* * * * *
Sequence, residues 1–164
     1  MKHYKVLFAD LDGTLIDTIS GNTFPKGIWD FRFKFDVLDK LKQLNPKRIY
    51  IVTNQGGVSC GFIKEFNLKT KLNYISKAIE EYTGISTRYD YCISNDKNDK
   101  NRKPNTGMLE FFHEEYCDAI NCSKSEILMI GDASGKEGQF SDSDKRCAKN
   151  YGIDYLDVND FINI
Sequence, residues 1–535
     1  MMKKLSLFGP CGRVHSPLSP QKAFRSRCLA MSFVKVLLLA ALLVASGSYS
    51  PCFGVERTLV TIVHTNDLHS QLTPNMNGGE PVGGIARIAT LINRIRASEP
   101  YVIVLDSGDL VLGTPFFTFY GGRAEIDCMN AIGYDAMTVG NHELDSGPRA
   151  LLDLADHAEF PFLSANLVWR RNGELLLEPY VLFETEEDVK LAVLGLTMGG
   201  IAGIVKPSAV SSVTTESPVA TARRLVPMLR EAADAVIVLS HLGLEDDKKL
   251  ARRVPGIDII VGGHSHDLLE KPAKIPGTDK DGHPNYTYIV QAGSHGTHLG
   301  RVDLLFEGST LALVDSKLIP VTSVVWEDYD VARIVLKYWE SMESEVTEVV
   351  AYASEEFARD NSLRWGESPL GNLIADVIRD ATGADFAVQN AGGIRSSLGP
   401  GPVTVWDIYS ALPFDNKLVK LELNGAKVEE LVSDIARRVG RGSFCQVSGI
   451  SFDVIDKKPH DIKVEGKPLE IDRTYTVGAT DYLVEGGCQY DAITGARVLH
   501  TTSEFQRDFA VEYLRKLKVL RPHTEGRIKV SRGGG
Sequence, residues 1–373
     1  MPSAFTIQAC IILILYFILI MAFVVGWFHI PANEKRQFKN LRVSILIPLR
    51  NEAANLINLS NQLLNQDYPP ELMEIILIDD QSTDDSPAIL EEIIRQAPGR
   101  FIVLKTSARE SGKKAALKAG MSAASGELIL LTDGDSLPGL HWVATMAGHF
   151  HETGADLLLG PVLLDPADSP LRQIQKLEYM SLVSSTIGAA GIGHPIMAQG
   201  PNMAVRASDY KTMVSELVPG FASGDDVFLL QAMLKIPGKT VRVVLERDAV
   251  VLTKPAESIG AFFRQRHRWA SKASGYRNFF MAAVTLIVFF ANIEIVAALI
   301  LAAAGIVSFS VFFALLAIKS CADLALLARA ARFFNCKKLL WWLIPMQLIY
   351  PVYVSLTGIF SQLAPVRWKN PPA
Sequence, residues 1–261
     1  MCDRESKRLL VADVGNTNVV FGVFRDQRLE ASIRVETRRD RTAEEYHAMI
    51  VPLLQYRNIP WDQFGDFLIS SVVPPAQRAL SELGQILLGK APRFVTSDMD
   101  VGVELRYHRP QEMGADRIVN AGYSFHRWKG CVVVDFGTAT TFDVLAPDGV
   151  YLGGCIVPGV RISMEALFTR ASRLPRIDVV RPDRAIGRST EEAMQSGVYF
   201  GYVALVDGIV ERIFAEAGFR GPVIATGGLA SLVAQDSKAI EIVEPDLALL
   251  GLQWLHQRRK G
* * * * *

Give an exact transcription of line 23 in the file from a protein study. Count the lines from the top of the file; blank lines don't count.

   201  PNMAVRASDY KTMVSELVPG FASGDDVFLL QAMLKIPGKT VRVVLERDAV